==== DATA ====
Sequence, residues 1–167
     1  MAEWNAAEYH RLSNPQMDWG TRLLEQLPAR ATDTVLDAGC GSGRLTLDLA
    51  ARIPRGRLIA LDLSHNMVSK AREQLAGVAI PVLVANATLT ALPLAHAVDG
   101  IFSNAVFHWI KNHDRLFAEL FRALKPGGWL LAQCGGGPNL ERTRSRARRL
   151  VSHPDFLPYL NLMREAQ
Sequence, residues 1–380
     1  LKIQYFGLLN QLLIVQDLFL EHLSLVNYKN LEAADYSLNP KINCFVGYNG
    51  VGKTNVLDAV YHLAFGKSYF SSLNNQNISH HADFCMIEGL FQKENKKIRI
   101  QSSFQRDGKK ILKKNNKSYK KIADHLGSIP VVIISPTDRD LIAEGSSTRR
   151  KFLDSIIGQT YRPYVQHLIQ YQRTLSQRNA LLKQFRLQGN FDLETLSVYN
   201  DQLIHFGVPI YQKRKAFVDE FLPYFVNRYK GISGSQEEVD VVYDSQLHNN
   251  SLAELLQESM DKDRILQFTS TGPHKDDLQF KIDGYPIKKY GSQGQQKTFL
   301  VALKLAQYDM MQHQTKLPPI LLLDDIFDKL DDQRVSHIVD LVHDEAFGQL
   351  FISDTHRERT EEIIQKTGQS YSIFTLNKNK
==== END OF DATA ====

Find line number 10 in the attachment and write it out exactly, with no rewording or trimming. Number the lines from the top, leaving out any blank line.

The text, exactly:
   151  KFLDSIIGQT YRPYVQHLIQ YQRTLSQRNA LLKQFRLQGN FDLETLSVYN